The Fairytale Protestors
Jan 18 - Feb 24, 2019
Honey Ramka, New York, NY
By NOAH BECKER February, 2019
I had a conversation with the great painter Ana Wieder-Blank on the eve of her solo show at New York City's Honey Ramka Gallery.
Where are you from and where do you live and work?
I grew up in Silver Spring Maryland, right outside of DC - I live in the Lower East side. This year I am a Sharpe Walentas Studio Program Fellow, so I have a really beautiful studio in Dumbo at 20 Jay Street.
Your paintings have a lot of color and a lot of texture, is the texture a result of painting in layers and building up beneath them?
The texture comes from a mixture of acrylic crackle paste, which is often the first layer I put down, then layers of oil paint mixed with cold wax medium and impasto paste.
How to do you think about color? I could compare your work to other artists in history but I'm curious what you think about?
The color in my work serves three functions. Most importantly it is an expression of my character's inner states. Much of my work shows characters during great trauma, the color scheme expresses their internal struggle. Secondly, I use color to convey the inside of the body. Gender, ability and size impact my figures in their outsized distorted and often amputated forms but also in the swirling colors that can evoke muscles and organs, and tissue matter. Color and texture are used to abstract the anatomy in this way. Thirdly I use color to separate one figure from another and the figures from the background.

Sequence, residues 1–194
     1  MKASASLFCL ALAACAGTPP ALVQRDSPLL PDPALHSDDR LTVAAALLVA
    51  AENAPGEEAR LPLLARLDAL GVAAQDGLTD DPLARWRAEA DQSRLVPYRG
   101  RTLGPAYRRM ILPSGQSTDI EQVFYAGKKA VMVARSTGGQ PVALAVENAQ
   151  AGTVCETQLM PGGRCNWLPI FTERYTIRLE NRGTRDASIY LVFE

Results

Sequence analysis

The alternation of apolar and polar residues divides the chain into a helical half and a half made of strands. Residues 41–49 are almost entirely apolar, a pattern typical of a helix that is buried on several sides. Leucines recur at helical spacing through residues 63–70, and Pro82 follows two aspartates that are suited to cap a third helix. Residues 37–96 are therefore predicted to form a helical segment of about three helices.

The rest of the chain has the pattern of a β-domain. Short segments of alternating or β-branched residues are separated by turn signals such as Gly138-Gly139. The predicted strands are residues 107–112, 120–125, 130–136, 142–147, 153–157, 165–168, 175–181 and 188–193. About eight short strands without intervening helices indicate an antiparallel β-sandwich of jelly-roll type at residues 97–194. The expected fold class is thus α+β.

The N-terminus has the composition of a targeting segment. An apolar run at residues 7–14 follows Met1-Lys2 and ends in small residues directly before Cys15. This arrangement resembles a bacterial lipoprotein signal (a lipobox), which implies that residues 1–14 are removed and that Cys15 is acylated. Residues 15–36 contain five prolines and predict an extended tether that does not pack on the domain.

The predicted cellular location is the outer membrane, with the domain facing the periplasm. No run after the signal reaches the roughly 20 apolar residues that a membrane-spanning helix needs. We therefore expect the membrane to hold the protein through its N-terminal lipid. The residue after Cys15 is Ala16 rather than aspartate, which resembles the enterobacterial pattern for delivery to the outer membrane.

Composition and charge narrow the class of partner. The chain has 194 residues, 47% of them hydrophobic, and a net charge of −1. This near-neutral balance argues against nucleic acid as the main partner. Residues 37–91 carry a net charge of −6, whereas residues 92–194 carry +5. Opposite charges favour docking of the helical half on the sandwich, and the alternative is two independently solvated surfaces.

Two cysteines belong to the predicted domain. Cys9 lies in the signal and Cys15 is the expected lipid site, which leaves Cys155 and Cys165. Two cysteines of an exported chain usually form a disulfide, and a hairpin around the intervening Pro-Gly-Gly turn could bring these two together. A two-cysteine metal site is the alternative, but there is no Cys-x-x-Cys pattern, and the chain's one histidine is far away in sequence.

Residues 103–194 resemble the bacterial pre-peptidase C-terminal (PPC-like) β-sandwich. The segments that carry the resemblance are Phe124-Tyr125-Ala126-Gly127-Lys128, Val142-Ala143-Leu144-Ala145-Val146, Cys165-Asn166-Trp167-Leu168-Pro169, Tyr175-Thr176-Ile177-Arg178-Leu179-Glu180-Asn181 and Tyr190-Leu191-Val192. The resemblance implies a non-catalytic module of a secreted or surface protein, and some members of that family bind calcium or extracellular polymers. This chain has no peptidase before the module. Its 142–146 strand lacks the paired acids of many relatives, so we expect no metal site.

Do you make sculpture?
I do. Most of my sculptures are glazed ceramic sculptures, sometimes they have acrylic or spray rubbed into the surface. I did a residency a few years ago at Alfred University where I got to do Raku for the first time. I also got to make a 3-foot-tall sculpture; the largest I’ve made yet. I’m also experimenting with plaster, papier Mache and air-dry clay.
Are you following the news or politics?
I describe my work as contemporary feminist political allegory. In my solo show The Fairytale Protesters, the painting Badass Womyn (Dinah, Kali, and Persephone) Tear Down the Statues of Murderers and Rapists relates to both the events of Charlottesville in 2017 and to the recent synagogue shooting in Pittsburgh. Dinah's Rape Trial Installation references the Kavanaugh hearings and the moving testimony of Dr. Christine Blasey-Ford. The show The Fairytale Protesters is comprised of work from The FairyTale Protesters Installation, an immersive installation that combines paintings, ceramic sculptures, stop, motion animation, and performances.
If there are influences in art history that inspire you what are they?
I am tremendously influenced by art history. My work is visually influenced by artists ranging from the German expressionists to Joan Brown and Elizabeth Murray. I also am very influenced by outsider art. I am also influenced by my family's history (my maternal grandparents, aunt and even my mother are holocaust survivors). However, I would say that my work is much more inspired and influenced by mythology, biblical narratives, and fairy-tales then actual historical events. Using these narratives, I can create allegories that reference contemporary events.